I’m thinking a lot about mysteries these days. I love them, so I’m trying my hand at writing them.
There is no better way I know to get myself writing, than to sit down and read, preferably in the genre I’m tackling.
This week I read Golf Etiquette by Jim Davis, found in the Feb 2011 issue of Ellery Queen Mystery Magazine.
Though I had some quibbles with the style until I managed to turn off my inner critique-group-reader, I couldn’t argue with the power of the first line: Continue reading “[Reading Room] Golf Etiquette by Jim Davis”
I failed utterly to see the ending coming…
Oh, this one made me laugh.
Not just for the unexpected ending, but for the constant, very modern thoughts that crowded my head as I was reading it.
Basically, this is the story of a ruthless old king who, not having any sons, has his daughter raised as a boy, then sends her to assume his brother’s throne (after the ruthless old king has ruined the good name of his brother’s only heir).
It’s a knotty, Shakespearean set up and I was so consumed with thoughts of the delightful ways a modern writer could treat the topic, that I failed utterly to see the ending coming. Continue reading “[Reading Room] A Medieval Romance by Mark Twain”
This story is definitely not bound by the rules of “rising action”, or “character arcs”…
Often, when I talk about how to write a short story, I get caught up in talking about traditional, narrative tales that might be structured in a similar way to a novel.
But one of the things I love about short fiction is its ability to transcend that and be so much more (or less-but-more, perhaps).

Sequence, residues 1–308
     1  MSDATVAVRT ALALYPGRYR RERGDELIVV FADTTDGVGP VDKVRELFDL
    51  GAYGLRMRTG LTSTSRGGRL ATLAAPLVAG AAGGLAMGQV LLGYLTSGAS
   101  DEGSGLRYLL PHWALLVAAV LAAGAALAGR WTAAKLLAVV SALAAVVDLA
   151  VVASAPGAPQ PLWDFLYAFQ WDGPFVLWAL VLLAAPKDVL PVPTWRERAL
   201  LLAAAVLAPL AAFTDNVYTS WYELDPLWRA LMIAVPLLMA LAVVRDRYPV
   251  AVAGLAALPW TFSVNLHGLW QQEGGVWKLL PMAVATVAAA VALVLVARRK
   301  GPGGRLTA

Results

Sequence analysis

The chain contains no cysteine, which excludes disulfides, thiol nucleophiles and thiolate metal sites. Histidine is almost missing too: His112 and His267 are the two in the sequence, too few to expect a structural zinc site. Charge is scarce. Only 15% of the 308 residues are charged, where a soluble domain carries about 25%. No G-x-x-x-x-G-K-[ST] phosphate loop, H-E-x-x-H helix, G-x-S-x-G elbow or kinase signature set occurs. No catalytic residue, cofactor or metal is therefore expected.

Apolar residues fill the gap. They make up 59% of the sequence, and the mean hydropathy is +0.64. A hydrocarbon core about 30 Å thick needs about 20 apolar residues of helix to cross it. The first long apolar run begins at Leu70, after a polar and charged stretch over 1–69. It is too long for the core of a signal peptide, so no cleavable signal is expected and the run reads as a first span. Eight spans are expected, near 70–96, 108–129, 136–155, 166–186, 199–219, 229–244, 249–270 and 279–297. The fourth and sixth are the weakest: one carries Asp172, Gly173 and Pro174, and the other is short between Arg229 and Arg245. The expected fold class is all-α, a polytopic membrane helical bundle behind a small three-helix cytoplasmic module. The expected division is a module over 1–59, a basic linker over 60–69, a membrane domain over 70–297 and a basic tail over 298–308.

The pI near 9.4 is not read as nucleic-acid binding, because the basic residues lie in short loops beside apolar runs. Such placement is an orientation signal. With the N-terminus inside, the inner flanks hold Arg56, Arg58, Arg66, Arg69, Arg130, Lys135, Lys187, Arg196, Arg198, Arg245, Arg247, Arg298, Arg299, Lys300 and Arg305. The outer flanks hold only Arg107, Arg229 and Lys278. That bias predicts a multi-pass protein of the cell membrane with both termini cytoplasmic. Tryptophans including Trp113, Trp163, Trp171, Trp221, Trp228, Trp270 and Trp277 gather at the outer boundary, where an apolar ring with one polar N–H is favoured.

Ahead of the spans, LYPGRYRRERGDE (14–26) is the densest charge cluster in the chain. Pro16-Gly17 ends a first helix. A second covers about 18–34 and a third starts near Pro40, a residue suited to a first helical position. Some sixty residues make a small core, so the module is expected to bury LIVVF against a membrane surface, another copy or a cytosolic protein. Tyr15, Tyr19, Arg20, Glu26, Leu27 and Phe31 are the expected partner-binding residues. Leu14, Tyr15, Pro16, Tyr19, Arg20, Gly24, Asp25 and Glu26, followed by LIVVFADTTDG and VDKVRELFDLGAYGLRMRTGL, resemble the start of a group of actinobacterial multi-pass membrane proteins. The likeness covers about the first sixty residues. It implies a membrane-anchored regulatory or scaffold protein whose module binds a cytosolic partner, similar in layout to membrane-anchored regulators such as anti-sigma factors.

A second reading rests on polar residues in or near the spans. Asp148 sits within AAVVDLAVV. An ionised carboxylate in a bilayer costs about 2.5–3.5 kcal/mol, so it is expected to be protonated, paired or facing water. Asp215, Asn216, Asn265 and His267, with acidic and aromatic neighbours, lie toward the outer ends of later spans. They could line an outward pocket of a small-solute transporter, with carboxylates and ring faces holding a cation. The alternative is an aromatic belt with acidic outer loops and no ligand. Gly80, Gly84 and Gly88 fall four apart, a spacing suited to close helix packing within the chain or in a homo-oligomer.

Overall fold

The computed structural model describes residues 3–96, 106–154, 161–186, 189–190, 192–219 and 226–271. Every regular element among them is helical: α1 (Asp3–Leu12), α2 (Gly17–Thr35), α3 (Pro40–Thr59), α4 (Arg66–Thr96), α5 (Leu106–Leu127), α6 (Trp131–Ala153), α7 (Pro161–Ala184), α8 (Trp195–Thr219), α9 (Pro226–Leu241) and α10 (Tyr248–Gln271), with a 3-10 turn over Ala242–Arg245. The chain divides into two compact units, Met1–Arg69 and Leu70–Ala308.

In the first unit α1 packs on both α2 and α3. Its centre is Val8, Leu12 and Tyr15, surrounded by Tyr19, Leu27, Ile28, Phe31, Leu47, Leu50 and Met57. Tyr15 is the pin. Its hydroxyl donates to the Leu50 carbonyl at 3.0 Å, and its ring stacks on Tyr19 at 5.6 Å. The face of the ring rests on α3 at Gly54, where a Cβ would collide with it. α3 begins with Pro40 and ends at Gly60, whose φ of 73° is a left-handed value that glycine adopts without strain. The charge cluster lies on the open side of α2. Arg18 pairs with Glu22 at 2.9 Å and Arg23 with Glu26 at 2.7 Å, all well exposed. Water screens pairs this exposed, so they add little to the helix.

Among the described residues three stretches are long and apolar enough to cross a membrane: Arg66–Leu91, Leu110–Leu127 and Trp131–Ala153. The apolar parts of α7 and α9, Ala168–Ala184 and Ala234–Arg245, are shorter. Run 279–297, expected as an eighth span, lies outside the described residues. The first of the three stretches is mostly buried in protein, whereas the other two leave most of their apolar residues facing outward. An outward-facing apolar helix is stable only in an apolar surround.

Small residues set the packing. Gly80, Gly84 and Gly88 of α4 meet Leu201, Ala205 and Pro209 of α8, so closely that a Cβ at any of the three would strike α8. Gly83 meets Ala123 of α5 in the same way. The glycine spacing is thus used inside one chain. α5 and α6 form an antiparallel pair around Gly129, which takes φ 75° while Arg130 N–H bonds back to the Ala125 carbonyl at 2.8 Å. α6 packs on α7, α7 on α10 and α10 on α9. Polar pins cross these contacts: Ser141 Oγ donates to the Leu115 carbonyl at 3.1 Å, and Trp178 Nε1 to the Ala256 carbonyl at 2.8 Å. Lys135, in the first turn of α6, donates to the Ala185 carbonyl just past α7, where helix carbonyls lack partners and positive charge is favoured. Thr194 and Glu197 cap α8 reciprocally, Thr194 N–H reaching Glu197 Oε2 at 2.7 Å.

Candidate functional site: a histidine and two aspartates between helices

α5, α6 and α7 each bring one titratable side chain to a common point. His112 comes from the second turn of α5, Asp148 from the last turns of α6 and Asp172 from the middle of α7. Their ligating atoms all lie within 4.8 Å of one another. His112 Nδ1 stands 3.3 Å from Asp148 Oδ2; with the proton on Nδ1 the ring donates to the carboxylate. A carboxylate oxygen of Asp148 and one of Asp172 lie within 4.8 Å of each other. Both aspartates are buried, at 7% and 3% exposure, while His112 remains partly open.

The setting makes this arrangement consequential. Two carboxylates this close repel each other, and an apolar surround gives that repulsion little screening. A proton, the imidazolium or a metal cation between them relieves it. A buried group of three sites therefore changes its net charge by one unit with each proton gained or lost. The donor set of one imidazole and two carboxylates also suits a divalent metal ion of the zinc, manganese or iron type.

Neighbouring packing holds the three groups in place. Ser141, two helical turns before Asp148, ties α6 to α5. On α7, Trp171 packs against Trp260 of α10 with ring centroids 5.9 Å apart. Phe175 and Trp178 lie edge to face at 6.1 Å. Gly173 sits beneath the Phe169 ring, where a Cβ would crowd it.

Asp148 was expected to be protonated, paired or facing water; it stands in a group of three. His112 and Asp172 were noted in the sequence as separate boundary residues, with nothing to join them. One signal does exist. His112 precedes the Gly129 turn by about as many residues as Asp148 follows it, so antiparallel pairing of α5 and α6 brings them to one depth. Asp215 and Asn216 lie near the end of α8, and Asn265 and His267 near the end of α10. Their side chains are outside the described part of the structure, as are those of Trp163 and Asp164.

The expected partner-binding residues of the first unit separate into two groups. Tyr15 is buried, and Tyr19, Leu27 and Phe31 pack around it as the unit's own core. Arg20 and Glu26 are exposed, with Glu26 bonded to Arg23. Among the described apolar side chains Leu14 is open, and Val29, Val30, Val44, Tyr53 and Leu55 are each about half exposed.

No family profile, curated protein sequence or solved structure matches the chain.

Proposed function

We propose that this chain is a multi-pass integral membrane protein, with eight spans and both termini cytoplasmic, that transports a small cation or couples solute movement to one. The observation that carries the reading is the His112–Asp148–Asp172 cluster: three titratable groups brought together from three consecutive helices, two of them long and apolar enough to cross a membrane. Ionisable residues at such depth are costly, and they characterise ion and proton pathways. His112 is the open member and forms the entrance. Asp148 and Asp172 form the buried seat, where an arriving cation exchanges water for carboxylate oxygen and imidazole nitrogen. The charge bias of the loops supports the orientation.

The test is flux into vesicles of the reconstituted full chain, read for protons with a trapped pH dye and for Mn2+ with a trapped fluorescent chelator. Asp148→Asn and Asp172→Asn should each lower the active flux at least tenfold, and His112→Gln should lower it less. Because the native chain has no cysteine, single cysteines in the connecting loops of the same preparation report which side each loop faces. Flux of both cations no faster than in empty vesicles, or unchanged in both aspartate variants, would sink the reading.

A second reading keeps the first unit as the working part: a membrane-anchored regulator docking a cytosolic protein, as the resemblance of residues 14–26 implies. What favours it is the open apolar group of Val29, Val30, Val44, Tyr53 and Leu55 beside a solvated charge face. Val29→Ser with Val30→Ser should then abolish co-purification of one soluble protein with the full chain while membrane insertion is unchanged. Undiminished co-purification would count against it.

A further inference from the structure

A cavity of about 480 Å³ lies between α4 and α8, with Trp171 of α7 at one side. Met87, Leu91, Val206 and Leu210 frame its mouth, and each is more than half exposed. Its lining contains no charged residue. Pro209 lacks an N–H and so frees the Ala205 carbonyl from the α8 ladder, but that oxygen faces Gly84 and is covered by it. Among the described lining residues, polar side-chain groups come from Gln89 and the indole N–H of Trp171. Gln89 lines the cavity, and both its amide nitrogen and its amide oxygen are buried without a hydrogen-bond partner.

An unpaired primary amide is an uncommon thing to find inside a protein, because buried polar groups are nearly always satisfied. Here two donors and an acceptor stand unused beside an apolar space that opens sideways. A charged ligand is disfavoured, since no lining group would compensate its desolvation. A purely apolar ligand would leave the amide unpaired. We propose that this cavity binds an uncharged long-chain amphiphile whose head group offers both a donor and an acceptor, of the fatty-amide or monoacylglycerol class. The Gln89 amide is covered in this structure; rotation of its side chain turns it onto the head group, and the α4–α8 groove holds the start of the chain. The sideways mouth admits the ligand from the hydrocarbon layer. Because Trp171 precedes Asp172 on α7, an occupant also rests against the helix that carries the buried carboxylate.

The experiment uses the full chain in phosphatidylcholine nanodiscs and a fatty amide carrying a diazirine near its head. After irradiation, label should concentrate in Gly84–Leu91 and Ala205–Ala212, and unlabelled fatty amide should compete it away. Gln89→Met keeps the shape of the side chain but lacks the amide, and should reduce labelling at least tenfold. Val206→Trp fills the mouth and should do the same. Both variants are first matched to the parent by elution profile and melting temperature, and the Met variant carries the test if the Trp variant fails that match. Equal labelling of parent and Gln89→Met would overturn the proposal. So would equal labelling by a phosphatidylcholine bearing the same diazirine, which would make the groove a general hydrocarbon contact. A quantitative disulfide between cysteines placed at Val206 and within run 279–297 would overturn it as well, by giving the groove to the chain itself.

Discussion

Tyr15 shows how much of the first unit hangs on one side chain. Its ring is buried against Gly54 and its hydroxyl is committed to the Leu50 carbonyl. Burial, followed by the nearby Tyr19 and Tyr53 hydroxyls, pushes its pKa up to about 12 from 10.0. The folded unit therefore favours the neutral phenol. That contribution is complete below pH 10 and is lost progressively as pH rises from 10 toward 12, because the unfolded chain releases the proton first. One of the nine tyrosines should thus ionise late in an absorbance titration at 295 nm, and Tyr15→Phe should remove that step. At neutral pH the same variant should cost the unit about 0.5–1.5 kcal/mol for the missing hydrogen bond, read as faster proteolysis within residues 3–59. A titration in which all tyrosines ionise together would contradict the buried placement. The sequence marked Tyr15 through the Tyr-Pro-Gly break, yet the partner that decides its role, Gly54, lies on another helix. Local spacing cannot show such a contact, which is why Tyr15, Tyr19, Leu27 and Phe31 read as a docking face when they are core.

This story, A Haunted House by Virginia Woolf, is a lovely example of that. Continue reading “[Reading Room] A Haunted House by Virginia Woolf”
Last week I talked about reading and writing stories with divided storylines that come together at the end.
The example I gave, Shakedown by Elizabeth Gonzalez, had a fairly traditional narrative structure. While it wasn’t clear how the two storylines would interact, at first, it was an easy-to-read story.
Shaking Things Up
Continue reading “[Reading Room] Your Mama’s Adventures In Parenting by Mary Robinette Kowal”
I picked this book up because a, it was written by a Pennsylvania writer and b, because of the glowing review written for it by Karen Russell and short story writer and novelist whose writing I love (literary but not stuffy).
(Incidentally, this is a great way to discover new writers: Continue reading “[Reading Room] Shakedown by Elizabeth Gonzalez”
Surface Tension is a science fiction story originally published in 1952 and so qualifies as being either from (or near) the so-called ‘Golden Age’ of science fiction. (I found it in The Big Book of Science Fiction, edited by Ann & Jeff Vandermeer.)
Fear not, this is not all heros saving damsels in distress and wearing silly outfits in space. It is very different from anything I’d ever read from that era, and from most sci-fi that I’ve read from later eras. Continue reading “[Reading Room] Surface Tension by James Blish”
Oh, this was fantastic: experimental science fiction by John Chu
Supposedly the story of a technological development, as told by one of the inventors, this is not an easy read. It doesn’t sweep you up in character and stakes and plot points. It does, however, do all the things I love about short fiction: confuse, confound, sweep you along on a torrent of language, and spit you out at the other end, shaking yourself and going ‘whoa!